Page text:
Section 29 of Equality Act 2007 will force Churches to conduct gay marriages – CofE Lawyers

Lawyers for the Church of England have advised bishops that section 29 of the Equality Act 2007 will force all Churches to conduct gay marriages if David Cameron’s plans to change UK marriage legislation succeed.

‘ Equality laws introduced by Labour in 2007 have already disrupted 11 Roman Catholic adoption agencies, which have either stopped finding new homes for children or severed their links with the church because they are no longer allowed to decline to place children with gay couples.

The same laws, now enshrined in the 2010 Equality Act which was voted into law by the Coalition, will, CofE lawyers believe, make churches offer marriage to same-sex couples if they law permits them to marry.

The lawyers’ paper said: ‘A key relevant section is section 29 of the Equality Act which makes it unlawful for a person concerned with the provision of a service to the public or a section of the public to discriminate on various grounds, including sexual orientation.’

Minister Lynn Featherstone’s assurances that legal changes to allow man-man, woman-woman ‘marriages’ will only apply to civil weddings are misinformed at best, and intentionally misleading at worst.

Protect the Pope comment: The assurances from government ministers that homosexual marriages will not be allowed in religious premises are hollow if they are not backed up in future legislation with a section that states categorically that the Equality Act 2007, section 29, cannot apply to the provision of marriage on religious premises.

If this isn’t set out in black and white the gay lobby is going to line up Catholic homosexuals to demand a gay marriage from a Catholic parish somewhere in the UK as a test case.  Every case brought under section 29 of the Equality Act 2007 has been lost by Christian defendants.


28 comments to Section 29 of Equality Act 2007 will force Churches to conduct gay marriages – CofE Lawyers

  • Dave

    I’ve got a lot of problems with the Church, but when it comes right down to it, I still spell “Church” with a capital C when I’m talking about the Catholic Church. I have no doubt that the gay lobby is indeed lining up a test case somewhere, but I’m equally sure that the Church will stand firm on this. The ice will be six feet thick across the floor of hell before a gay couple are “married” before one of our altars, and if that means going back into the fields and up onto the hillsides to celebrate Mass, well, we’ve been there before.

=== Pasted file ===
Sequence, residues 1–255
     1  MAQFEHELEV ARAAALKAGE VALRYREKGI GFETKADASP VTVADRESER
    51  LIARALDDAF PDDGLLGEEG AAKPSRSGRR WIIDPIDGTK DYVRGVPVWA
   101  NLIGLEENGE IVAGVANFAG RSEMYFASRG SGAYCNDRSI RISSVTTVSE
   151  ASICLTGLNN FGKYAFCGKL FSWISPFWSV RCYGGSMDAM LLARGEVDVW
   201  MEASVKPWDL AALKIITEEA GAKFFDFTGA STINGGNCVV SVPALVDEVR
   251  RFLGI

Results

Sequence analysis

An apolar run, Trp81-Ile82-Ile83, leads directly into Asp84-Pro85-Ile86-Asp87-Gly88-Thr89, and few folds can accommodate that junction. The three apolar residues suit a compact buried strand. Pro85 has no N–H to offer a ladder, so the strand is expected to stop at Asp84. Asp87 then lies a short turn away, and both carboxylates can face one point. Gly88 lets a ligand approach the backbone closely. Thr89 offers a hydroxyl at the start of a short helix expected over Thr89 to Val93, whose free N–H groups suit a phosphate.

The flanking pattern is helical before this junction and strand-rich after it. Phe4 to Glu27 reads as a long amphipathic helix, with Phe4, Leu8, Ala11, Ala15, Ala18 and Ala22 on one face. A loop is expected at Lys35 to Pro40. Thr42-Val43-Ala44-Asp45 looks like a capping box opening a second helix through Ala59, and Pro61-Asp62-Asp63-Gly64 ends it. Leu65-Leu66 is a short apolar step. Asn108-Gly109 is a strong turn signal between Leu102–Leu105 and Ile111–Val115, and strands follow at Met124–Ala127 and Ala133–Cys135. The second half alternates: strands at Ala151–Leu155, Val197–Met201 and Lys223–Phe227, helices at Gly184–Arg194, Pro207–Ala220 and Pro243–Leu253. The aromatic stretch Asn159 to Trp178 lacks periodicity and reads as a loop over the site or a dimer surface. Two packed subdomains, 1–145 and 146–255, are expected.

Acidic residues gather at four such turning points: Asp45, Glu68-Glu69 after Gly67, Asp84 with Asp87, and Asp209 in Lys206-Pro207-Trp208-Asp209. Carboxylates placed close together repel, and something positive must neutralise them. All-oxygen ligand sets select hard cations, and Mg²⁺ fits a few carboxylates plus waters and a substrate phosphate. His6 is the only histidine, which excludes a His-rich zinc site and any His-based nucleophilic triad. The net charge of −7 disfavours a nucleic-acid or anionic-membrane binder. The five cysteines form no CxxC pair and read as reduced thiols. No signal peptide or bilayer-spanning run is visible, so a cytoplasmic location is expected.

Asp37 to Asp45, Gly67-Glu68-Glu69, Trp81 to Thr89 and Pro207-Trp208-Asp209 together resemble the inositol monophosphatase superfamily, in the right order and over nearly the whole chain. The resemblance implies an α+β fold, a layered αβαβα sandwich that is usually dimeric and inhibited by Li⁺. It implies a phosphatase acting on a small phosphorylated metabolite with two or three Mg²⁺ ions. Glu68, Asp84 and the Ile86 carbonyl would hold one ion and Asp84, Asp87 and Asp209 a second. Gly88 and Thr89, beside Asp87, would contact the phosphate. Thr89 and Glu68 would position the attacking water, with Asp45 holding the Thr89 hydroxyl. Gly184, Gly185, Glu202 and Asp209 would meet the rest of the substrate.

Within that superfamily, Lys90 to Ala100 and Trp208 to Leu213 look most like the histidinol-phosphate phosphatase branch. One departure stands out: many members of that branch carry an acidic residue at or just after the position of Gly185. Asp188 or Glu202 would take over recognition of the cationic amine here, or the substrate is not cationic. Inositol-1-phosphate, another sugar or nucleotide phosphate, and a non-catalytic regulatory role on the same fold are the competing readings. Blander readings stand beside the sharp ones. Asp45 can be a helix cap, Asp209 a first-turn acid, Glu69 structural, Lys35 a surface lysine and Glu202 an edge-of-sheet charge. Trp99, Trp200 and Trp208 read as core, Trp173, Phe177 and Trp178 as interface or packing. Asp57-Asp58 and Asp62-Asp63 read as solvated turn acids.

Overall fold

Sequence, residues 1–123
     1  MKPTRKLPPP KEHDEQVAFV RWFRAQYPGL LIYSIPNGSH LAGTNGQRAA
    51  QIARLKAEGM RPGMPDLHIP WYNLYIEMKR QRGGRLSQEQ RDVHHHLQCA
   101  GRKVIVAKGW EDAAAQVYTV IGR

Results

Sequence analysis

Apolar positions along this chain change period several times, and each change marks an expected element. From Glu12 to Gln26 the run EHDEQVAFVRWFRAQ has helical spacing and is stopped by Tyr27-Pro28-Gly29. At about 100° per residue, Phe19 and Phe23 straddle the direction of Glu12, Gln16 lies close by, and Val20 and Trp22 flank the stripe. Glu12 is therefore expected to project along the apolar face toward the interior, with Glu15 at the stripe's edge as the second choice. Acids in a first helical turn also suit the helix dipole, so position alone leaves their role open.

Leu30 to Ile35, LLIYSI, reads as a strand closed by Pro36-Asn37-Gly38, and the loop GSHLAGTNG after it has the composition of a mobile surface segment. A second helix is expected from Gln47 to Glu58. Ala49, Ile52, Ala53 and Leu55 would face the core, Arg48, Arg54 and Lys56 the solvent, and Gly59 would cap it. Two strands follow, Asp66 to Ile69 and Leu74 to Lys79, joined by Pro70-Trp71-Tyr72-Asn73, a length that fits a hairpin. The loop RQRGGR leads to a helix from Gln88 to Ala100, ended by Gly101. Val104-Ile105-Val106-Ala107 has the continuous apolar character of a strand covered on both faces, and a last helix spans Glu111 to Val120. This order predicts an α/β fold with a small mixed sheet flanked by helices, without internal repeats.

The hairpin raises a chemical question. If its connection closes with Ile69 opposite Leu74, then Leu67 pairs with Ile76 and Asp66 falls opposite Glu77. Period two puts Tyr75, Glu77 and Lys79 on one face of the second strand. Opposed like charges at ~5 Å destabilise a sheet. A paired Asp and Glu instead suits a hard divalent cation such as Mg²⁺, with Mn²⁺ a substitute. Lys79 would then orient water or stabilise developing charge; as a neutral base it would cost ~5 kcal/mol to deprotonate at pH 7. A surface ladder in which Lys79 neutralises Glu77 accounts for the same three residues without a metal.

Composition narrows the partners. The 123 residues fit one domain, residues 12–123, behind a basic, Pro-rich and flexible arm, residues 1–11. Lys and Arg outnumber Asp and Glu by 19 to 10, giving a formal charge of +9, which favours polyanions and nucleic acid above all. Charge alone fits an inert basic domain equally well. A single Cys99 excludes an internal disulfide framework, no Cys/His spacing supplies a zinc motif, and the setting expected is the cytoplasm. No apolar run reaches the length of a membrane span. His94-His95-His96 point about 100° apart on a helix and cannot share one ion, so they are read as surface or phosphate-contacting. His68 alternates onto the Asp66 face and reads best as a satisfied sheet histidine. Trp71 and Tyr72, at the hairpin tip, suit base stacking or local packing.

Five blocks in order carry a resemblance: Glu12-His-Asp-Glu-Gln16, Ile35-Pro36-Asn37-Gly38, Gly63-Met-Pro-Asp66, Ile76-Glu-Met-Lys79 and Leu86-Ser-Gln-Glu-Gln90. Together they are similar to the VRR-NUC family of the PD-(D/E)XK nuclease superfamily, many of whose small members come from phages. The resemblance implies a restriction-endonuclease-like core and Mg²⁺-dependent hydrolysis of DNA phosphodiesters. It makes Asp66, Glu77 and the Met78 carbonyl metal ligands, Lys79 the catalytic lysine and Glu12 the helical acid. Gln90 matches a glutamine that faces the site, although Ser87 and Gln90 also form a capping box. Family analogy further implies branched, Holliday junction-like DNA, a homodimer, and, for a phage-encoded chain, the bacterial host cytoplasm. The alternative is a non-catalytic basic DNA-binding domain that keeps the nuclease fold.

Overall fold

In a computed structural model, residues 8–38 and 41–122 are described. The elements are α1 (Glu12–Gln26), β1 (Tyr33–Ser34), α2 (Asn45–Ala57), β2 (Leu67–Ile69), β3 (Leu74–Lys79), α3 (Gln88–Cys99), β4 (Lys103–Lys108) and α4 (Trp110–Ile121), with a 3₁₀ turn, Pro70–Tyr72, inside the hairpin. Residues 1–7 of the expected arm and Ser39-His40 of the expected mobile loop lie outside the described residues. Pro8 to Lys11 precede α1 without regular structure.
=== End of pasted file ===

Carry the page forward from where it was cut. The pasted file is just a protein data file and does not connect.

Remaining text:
• Caral

      The ice will be six feet thick across the floor of hell before a gay couple are “married”before one of our altars,and if that means going back into the fields and up onto the hillsides to celebrate Mass,well,we’ve been there before.

      Well said Dave!

  • You state: “If this isn’t set out in black and white the gay lobby is going to line up Catholic homosexuals…”

    I take it you mean “purported Catholic homosexuals”?

  • CathChap

    More likely than the Church being forced to conduct gay marriages would be the church being prevented from conducting the civil part of straight marriages. In my view, both the state and church would then be freer to do what they believe is right without interferance. Disentangling the church and state like this benefits both parties. The problem is although you can protest about the state interfering in church matters, for as long as the church carries out activities that are the “property” of the state like concluding the civil contract part of a marriage then the state does have a legitimate right to interfere.

    If a church marriage “only” a sacremement with religious significance, but no legal significance, then we would have a leg to stand on in telling the state to butt-out.

    • Nicolas Bellord

      We must not fall for the Government’s line of separating civil and religious marriage. We should be campaigning for upholding all marriages. Non-Catholics who just have a civil ceremony are just as much married in the eyes of the Church and we should be upholding those marriages from being confused with same-sex unions just as much as sacramental marriage for Catholics. By the way Canon 1055 repeated in the Catechism at 1601 says that marriage between baptised persons is sacramental. Would that not apply to two non-Catholic persons marrying in a registry office if they had been baptised? Perhaps someone more expert than I could comment.